Every good narrative needs conflict or conflicts. It needs obstacles. And it is how the character overcomes these obstacles that keeps us interested in them and keeps us interested and invested in the narrative.

Too many business profiles and professional bios lack in this key component. Simply stating the result – “I am the founder of a Fortune 500 company” – is far less compelling than highlighting the conflict and obstacles that were overcome. 

“I took a small company set for bankruptcy in the face of rising costs of raw materials and turned it into a Fortune 500 company.” This narrative has conflict and obstacles. It is far more compelling, and it can speak to someone who may be facing or fearing similar obstacles.

Important Questions to Consider

What obstacles have you overcome that have led you to where you are today?

Are those obstacles and how you overcame them present in your narrative?

Greater Than the Sum of the Parts

Think of any hero in any story. They all have something in common. Their success directly leads to the betterment of the people around them. Without this crucial element, the character is not a hero, just a successful person and far less compelling.

On the other hand, any hero in any story achieved their success with the help or intervention of someone else. Both the hero and the secondary character are far better off because they interacted with each other. This is a crucial element to any compelling narrative. Their interaction equates to something that is greater than the sum of the parts.

Compare the two narratives:

“I run a trucking service that employs 60 people.”

Or

“I run a trucking service that employs 60 people among which 4 in upper management promoted from within thanks in part to my tutelage.”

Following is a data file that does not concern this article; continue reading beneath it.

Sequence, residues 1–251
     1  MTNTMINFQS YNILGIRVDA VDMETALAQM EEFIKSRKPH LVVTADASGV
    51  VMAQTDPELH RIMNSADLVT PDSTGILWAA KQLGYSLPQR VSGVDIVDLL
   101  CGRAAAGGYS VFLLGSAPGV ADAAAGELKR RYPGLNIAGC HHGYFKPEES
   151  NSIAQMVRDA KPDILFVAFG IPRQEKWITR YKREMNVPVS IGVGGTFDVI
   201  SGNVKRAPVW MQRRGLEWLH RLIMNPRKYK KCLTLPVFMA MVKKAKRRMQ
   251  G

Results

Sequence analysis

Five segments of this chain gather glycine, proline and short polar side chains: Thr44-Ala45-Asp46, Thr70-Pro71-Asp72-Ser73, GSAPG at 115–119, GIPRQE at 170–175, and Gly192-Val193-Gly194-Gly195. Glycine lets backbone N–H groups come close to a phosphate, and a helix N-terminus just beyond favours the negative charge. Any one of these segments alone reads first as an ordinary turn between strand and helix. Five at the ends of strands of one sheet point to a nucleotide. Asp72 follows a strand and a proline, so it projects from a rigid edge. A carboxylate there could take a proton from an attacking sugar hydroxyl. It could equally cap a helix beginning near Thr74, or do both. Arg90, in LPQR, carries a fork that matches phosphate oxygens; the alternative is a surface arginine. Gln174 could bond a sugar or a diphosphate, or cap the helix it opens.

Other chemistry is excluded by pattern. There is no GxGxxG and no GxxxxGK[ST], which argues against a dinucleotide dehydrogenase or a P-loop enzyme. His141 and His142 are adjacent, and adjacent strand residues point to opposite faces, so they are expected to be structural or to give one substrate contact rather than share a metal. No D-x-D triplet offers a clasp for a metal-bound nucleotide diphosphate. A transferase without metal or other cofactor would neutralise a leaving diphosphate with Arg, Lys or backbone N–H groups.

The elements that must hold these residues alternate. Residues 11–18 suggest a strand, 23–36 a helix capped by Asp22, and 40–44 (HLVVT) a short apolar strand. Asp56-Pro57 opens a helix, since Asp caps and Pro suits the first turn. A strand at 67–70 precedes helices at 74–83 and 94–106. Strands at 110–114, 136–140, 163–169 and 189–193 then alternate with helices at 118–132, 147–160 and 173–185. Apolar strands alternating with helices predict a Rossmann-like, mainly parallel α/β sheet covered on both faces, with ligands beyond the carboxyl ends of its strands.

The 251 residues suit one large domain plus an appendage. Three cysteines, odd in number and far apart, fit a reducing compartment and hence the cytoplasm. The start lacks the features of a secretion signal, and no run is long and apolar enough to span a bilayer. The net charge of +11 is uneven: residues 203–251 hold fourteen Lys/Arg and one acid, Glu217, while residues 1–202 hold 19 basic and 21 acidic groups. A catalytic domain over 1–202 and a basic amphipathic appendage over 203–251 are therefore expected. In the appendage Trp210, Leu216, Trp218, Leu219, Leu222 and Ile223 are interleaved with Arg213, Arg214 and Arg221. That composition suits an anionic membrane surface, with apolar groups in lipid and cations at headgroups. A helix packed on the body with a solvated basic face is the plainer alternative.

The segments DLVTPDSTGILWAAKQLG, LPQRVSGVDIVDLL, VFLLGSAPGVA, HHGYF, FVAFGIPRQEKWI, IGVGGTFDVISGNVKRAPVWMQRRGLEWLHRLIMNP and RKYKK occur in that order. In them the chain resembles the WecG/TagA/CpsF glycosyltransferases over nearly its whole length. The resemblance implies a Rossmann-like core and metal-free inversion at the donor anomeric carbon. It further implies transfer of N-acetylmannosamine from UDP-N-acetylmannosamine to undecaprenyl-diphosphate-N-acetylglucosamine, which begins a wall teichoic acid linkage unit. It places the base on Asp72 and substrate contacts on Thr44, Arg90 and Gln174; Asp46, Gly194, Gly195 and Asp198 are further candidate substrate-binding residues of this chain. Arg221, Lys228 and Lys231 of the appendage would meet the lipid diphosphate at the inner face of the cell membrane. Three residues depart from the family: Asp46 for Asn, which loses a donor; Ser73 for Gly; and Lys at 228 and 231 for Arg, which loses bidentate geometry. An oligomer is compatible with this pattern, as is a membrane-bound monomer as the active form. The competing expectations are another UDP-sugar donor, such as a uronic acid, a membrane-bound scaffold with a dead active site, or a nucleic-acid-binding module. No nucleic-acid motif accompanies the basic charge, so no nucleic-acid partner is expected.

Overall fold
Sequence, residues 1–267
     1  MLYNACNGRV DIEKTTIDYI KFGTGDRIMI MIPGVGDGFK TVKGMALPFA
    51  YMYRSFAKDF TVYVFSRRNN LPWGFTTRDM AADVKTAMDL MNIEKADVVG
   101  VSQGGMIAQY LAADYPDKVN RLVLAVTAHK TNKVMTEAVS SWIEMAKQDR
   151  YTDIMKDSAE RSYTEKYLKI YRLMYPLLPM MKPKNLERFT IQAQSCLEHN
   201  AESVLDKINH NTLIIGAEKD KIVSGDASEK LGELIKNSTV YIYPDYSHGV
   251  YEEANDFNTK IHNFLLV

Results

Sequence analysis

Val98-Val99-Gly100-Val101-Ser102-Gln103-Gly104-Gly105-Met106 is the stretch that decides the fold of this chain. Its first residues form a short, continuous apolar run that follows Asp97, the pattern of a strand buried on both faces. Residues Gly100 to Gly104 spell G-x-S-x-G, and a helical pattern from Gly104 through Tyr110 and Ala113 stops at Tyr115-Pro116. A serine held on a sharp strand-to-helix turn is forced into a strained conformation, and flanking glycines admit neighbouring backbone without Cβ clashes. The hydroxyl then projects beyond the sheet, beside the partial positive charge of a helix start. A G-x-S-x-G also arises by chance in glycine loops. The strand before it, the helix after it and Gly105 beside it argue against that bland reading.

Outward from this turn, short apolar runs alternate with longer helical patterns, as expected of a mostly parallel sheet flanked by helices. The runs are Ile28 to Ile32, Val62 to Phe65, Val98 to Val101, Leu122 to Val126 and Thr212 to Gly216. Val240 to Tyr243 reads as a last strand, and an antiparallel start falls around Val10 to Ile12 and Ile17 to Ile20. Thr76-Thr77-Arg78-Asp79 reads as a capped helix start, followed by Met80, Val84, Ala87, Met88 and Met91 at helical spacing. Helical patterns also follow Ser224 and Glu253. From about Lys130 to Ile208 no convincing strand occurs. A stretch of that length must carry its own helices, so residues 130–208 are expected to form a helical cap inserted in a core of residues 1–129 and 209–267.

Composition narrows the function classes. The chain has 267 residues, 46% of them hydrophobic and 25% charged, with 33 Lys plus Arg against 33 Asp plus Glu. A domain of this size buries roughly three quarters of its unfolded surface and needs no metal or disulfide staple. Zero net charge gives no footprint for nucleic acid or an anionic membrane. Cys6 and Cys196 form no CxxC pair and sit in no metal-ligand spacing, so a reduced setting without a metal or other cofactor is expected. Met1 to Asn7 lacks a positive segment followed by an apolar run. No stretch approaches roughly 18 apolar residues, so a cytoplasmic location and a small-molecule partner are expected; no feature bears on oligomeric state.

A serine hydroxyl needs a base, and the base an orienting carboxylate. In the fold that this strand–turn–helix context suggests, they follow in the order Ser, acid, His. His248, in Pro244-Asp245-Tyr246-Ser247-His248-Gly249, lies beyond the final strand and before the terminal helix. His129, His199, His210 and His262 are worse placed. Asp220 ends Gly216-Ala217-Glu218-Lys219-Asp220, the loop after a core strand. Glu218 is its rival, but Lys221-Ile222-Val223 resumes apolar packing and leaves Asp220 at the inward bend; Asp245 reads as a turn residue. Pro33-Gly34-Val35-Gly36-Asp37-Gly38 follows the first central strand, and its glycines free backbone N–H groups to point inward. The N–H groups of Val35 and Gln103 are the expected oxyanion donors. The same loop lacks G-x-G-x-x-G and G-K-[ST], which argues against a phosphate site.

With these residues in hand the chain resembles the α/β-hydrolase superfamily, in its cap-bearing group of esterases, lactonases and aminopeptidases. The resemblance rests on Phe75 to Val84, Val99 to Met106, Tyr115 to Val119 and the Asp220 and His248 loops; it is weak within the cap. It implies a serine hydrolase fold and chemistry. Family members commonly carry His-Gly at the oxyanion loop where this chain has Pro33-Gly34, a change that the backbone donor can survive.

It’s quite obvious which of the 2 narratives is the more compelling. It’s also quite obvious in which of the 2 narratives we get a better understanding of how interacting with that person could lead to a better situation. 

Important Questions to Consider

What interactions have you been involved in that have led to all parties becoming greater than the sum of their parts?

Are those interactions present in your narrative?

Is it clear how your involvement benefited those around you?

The Bottom Line

Be the hero of your narrative. In order to successfully accomplish that, you will need to include the characteristics of a hero – the hero faced obstacles and overcame them; and those around the hero or who interacted with the hero are far better off for doing so.

Keeping these key elements in mind should help you to form a more compelling narrative that you will use in your social media profiles and posts and in your communications with colleagues, clients, investors, and potential employers.

Remember: those who interact with you will be expecting to benefit from that interaction. In your narrative, those benefits don’t need to be overtly stated, but they do, at least, need to be easily inferred.